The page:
BYU students paint mural honoring Polynesian culture

Enoch Lui, ninth from right, and Teiano Lesa, eighth from right, stand in front of their Polynesian culture mural on Nov. 9. (Madison Casagranda)

Enoch Lui and Teiano Lesa are celebrating and sharing their Polynesian heritage with the whole city of Provo. The two BYU advertising students painted a 15 by 30 feet mural by Getout Games, incorporating symbols from Samoan and Tongan cultures.

“It’s something really important to us to remember our cultures and our identities as Polynesian people,” Lui said. “We wanted to create something that would represent our community and honor our ancestors who have immigrated here.”

Both Lui and Lesa were raised in the U.S. by a Polynesian father and American mother. Polynesian culture played a significant role in both of their upbringings.

Teiano Lesa, left, and Enoch Lui take a picture with the nearly completed mural. (Madison Casagranda)

Lui said his father’s Tongan culture taught him to be happy in all circumstances and prioritize things with eternal significance over material possessions.

Lesa, whose father is from Samoa, said the family values of Polynesian culture are just as evident in the local Polynesian community.

“There’s an immediate bond that forms when you tell someone that you are Polynesian and they’re Polynesian themselves,” he said. “The other circumstances almost don’t matter as much because you’re from the same place as them.”

Lesa said painting the mural was their way of giving back to the Polynesian community — and the Polynesian community in Utah is immense. Utah has the largest Polynesian population of any state besides Hawaii, according to Lui.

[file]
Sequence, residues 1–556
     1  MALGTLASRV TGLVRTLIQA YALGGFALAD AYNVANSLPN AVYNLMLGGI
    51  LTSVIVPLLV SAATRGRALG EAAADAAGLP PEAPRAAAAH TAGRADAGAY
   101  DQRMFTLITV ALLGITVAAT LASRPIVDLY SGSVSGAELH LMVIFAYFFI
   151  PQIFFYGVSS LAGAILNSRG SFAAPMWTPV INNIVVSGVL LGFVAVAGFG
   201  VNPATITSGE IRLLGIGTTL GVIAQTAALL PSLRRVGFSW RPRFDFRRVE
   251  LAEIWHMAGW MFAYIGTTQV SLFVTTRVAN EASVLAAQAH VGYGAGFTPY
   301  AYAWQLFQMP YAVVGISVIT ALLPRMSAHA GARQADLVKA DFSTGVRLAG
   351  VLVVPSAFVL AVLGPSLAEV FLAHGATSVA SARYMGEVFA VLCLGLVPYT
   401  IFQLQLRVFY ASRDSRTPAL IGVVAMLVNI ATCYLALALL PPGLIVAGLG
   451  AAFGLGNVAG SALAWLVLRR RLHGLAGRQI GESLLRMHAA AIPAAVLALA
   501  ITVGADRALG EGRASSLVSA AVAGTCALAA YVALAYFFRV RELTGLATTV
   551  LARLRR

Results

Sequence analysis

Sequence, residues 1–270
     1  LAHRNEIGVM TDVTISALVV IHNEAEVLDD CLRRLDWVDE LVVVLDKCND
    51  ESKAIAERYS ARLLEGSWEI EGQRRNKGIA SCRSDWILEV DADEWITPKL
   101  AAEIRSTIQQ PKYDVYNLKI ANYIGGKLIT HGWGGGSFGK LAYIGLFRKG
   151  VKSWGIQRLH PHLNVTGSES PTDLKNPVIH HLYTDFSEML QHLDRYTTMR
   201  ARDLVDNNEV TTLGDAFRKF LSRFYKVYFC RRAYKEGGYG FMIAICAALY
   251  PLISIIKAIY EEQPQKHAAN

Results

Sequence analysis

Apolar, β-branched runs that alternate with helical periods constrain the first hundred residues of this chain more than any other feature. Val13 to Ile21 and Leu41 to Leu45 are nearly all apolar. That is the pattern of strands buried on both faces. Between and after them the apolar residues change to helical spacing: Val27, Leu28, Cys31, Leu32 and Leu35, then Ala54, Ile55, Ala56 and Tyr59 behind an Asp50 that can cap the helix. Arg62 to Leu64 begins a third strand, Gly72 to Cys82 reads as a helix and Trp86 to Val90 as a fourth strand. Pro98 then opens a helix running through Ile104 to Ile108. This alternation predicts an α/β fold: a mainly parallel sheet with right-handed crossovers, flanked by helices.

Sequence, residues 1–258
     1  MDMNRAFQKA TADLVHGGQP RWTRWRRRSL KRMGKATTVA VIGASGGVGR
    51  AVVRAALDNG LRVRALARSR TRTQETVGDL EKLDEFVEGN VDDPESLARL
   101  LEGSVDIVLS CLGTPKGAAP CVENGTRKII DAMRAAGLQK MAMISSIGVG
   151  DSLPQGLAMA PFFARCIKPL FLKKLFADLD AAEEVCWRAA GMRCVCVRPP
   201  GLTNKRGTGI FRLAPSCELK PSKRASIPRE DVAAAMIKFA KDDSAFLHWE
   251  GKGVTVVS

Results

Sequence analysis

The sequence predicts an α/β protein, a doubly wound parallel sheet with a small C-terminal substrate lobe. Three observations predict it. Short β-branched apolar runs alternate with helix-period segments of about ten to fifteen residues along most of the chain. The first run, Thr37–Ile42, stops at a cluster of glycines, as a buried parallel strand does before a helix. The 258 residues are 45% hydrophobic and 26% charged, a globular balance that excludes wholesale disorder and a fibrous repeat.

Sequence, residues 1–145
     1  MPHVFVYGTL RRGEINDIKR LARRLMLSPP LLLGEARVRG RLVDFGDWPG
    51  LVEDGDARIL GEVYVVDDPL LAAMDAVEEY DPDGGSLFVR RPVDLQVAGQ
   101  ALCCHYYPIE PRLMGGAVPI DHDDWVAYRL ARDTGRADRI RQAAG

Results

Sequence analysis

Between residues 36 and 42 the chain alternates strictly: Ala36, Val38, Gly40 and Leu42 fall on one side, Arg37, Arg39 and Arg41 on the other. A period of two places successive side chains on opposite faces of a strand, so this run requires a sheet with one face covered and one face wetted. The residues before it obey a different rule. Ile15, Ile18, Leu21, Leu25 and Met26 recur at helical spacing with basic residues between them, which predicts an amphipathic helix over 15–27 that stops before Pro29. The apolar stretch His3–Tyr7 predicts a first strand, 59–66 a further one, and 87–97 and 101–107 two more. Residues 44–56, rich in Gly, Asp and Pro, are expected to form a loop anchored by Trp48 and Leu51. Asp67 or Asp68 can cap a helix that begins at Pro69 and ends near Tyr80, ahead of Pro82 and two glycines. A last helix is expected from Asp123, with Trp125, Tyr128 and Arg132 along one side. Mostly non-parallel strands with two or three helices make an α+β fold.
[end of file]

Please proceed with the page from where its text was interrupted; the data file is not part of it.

Lui and Lesa invited Polynesian community members, as well as any other friends or classmates who wanted to attend, to participate in painting the mural on Saturday, Nov. 9.

Their friend and advertising classmate Derrick Trotman was among those who attended. He said he became “like family with the Poly culture” while working as BYU football’s video producer and forming friendships with the Polynesian players.

“(Lui and Lesa) are incredibly talented,” Trotman said. “They’ve done a lot of really cool projects with the Polynesian culture and that history and that story, and this is another one to add to it.”

Downtown Provo executive director Quinn Peterson, who helped connect Lui and Lesa with Getout Games, noted that the mural adds value to the local community.

“We liked this project because it does represent a larger than normal Polynesian population,” Peterson said. “This was a neat opportunity to speak to that group.”

The mural is just one part of a larger ongoing project called Project Tala. “Tala” is both the Tongan and Samoan word for “storytelling,” and that’s exactly what the project is about. Lui and Lesa are gathering stories from their family members and others from the local Polynesian community and sharing them through various media.

“It’s cool to be a part of, to have such a rich history behind something and then be able to make our mark,” Lesa said about Project Tala. “It’s nice to have something we can say that we’ve done to help further our culture.”

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